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Walgreens’ Error Sends Five-Year Old to the Hospital

April 9th, 2014

The family of five-year old Ali Ahmed thought that they had picked up a prescription to treat their son’s severe allergies, but it turned out that the bottle of medication they received was not meant for him, and they are saying that the pharmacy’s mistake nearly cost their son his life.

The incident took place a little over two years ago. According to the boy’s parents, who are from Crystal Lake, Illinois, they went to the Walgreen’s pharmacy in order to pick up little Ali’s prescription medication that had been ordered by his doctor. They were given a bottle of liquid with little Ali’s name on the label and took it home and gave it to him according to the dosing instructions on the bottle. After taking it the Ahmeds say the child did not awaken for nearly two days, and upon waking up his neck reportedly flared when he tried to eat a cookie. The panicked parents called for paramedics to come and help, and upon their arrival the paramedics believed that the boy was choking. Though his symptoms subsided and the emergency responders left, a few hours later the boy’s behavior turned odd and he subsequently fainted.  A quick visit to the child’s physician sent them straight to the hospital for emergency treatment.

According to Robin Ahmed, the boy’s father, it was at the hospital that the mystery was finally solved. “Later on we all find out this medication affected everything to him.” It turns out that the medication that had been sent home with the Ahmeds was Haloperidol, a powerful antipsychotic drug that was supposed to given to another patient, an adult who was also named Ali Ahmed.

Haloperidol is used to treat mental illnesses such as schizophrenia, as well as behavior problems, agitation, and Tourette’s syndrome.

The boy’s family has filed a lawsuit against Walgreens pharmacy for negligence, charging that the professional staff should have realized that the dosage they were providing was not appropriate for a child and that something was wrong. They also have charged that Walgreens did not provide appropriate warning to the family that the antipsychotic drug would be dangerous for Ali at the dose that the order prescribed.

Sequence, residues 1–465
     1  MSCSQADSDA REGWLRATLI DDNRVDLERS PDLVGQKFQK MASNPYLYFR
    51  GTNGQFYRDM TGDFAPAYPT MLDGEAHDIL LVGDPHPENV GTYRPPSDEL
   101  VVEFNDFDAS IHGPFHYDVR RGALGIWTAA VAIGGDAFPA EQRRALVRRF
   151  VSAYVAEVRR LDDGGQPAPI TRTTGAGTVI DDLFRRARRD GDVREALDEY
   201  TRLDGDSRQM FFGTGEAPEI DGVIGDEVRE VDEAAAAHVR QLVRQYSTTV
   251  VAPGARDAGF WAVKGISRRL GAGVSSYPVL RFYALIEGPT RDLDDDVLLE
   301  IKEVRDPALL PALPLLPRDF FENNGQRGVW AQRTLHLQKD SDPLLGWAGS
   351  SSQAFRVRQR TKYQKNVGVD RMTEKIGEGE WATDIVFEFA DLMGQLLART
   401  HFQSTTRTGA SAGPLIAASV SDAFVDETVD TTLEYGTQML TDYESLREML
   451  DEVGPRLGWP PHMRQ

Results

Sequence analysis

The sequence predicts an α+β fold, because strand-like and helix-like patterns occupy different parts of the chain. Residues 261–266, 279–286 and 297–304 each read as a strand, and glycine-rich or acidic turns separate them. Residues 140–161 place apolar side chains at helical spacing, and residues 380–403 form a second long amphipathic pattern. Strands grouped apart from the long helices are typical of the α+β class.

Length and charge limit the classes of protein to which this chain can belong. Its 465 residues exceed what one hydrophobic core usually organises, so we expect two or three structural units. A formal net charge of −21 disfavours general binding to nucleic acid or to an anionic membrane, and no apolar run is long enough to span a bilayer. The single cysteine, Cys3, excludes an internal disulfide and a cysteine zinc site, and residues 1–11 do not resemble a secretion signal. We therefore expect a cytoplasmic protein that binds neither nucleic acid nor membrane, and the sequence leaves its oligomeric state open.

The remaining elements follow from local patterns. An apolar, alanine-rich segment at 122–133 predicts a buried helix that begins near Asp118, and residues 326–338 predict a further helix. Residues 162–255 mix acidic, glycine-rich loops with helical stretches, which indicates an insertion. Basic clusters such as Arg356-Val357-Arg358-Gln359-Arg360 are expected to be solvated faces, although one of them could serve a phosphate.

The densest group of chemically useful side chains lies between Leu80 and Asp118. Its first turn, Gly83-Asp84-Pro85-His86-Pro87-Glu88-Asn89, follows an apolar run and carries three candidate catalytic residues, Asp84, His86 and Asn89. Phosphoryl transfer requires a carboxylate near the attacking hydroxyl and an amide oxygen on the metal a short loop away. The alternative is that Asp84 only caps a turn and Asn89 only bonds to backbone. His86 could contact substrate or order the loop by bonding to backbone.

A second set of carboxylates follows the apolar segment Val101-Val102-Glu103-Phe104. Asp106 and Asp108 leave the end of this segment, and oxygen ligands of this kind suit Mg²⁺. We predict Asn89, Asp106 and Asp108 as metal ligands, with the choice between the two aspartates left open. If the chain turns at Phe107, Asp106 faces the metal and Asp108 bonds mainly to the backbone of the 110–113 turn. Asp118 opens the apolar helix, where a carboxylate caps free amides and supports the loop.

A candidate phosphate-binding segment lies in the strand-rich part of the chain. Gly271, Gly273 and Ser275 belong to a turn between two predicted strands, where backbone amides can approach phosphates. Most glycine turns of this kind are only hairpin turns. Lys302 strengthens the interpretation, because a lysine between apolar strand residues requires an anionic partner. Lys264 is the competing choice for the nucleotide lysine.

According to Ali’s parents, the now seven-year-old boy seems to have been impacted by the incident. “The trauma that he went through in the emergency room, he’s still scared,” said Ali’s father, who along with his wife worries about long-term affects that may yet appear. “What could we have done to prevent this? They should pay for this, all due respect,” said Ahmed. “This is not right because we trust that logo. We almost lost our son. Could you imagine if I had given him more dosage?”

Though a Walgreens spokesperson indicated that the company is sorry for the incident and that they have apologized to the Ahmeds, he said that they aren’t able to comment on pending litigation.

 
     
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Gavin P. Lentz, Esq.
Bochetto & Lentz

Gavin Lentz (right) was selected as a "Super Lawyer" for 2006-2009 and 2010-2015 in New Jersey by Philadelphia Magazine. He has also been selected as a "Super Lawyer" by Philadelphia Magazine and the Legal Intelligencer in 2004, 2005, 2006, 2007 2008, 2009, 2010, and 2011 - 2015.

On September 16, 2002 Mr. Lentz was selected as one of the top 50 lawyers in Pennsylvania by the Legal Intelligencer.

He has made many television appearances, including on Fox News, The Today Show, Inside Edition, and The Phil Donahue Show.

Mr. Lentz is a member of the American Trial Lawyers Association and the Million Dollar Advocates Forum.

As a former prosecutor, he knows how to aggressively go after large pharmacy chains to prove the facts necessary to protect your loved one's rights.

 
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